What Journalism and Tech Can Learn from The Washington Post and The New Republic
Journalism and tech have had a testy relationship in the past few years. For every successful tech takeover of a media company, there’s been an even more disastrous blunder. Yet, as we’ve talked about here and here, the two must not only co-exist, but work together to create, reach (can you ‘reach’ content?) and amplify content.
So why exactly is The New Republic failing when The Washington Post is on track to succeed? Both come from the worlds of print. Both were bought by tech giant millionaires—Chris Hughes, known for co-founding Facebook with Mark Zuckerberg, and Jeff Bezos, head of a little-known online empire called Amazon. And although both publications run smaller circulation numbers, their influence has often outstripped their manpower.
In this post, we narrow in on two tech owned old-school publications—The Washington Post and The New Republic—as extreme examples of what’s going mostly right and what went mostly wrong when journalism and tech combine forces. And most importantly, what we can learn from their success and failure.
Experimentation & Innovation with The Washington Post
What’s going on with Bezos and The Washington Post? Good things, actually. Amazon CEO Jeff Bezos bought the paper in 2013 for $250 million, later remarking that he thought he could take his internet expertise and bring the paper into the digital age. Since acquiring new ownership, The Washington Post has made efforts to combine technological innovation with high-quality journalism.
In 2014, the Post announced its intention for a digital initiative, hiring over 100 new journalists and publishers, including Politico co-founder Fred Ryan. According to Ryan, Bezos made sure staffers knew his mission was very clear for the long run. “[The Washington Post’s] to experiment, to think long-term, to give the experiments a chance and hopefully prove successful. To think not just about the news consumers today but the future readers and be able to adjust to change.”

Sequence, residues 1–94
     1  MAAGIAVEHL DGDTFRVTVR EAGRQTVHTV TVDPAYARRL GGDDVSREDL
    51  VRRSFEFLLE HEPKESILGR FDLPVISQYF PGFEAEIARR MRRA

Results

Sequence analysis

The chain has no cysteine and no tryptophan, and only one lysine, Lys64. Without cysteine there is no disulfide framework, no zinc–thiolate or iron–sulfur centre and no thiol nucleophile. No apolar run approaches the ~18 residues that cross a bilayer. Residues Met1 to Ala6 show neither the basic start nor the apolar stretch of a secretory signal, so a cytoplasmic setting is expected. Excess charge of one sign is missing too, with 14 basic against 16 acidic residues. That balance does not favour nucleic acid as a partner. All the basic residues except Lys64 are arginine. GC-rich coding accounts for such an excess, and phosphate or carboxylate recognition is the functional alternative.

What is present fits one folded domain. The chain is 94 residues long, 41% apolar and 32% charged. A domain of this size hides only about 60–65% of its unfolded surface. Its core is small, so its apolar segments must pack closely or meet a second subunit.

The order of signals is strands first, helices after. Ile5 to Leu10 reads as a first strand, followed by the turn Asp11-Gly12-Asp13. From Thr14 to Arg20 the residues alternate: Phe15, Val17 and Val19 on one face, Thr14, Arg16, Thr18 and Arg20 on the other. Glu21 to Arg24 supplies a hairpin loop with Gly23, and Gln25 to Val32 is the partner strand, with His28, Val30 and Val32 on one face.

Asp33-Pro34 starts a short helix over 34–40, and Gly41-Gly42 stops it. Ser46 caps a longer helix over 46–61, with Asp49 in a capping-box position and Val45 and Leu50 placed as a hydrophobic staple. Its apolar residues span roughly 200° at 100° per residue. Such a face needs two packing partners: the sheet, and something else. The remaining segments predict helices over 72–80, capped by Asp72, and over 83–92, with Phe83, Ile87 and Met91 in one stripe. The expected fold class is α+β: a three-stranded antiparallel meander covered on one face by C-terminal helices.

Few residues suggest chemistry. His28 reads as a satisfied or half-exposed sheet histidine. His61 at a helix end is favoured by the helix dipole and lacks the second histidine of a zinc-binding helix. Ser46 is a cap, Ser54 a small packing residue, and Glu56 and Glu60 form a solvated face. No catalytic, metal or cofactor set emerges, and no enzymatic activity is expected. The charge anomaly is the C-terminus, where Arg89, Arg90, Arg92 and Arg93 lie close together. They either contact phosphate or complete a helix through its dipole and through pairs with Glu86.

Thinking long term, The Washington Post has become aggressive in becoming a bigger paper. The once local paper is now transitioning to become an international source. Targeting dailies like the Dallas Morning News and Toledo Blade, the Post made its web content free to local subscribers. In an effort to become a national (and international) paper, the Post is expanding abroad, creating a London sales office.
Under Amazon leadership, the Post is even integrated into the Kindle Fire with a free Washington Post app, with two editions released every day at 5am and 5pm. The app is considered to be one of Bezos’ personal touches to combine tech and data strategy into the distribution of content. This includes a team of staffers punching up and rewriting headlines for the day’s content in an effort to draw in a broader audience. Bezos has also announced his intentions to sell the Post’s back-end CMS to local and regional newspapers.
And tech is at the forefront of the Post’s integrated newsroom, where journalists and about 25 technologists working side-by-side to deliver the news in the best possible way. However, Bezos—a longtime opponent of unionized workers—announced plans to freeze pensions for its employees in late 2014.
Focused on long-term results, Bezos and the team at The Washington Post are building and experimenting with its digital properties to expand the company’s reach. Though there is undoubtedly some baggage over Bezos’ ties to Amazon, it has appeared to be a successful union of the journalism and tech worlds.
The Death (and Rebirth?) of The New Republic
In late 2014, many media organizations were already eulogizing the death of The New Republic, a 100 year old liberal magazine covering politics and the arts of “the Beltway”—which prioritizes coverage of Washington political scene, from federal officials to lobbyists to corporate media. The New Republic—which prints 10 issues a year—was deeply rooted in its print traditions.
The problem, many media spectators said, stems from the tension between tech and journalism and the former’s short patience. Facebook co-founder Chris Hughes bought the magazine in 2012, just as the paper was bleeding money. Taking the title of editor-in-chief and owner, Hughes infused new money into the magazine, hiring new and competitive staffers, moving the magazine to a newer office and completely redesigning the website.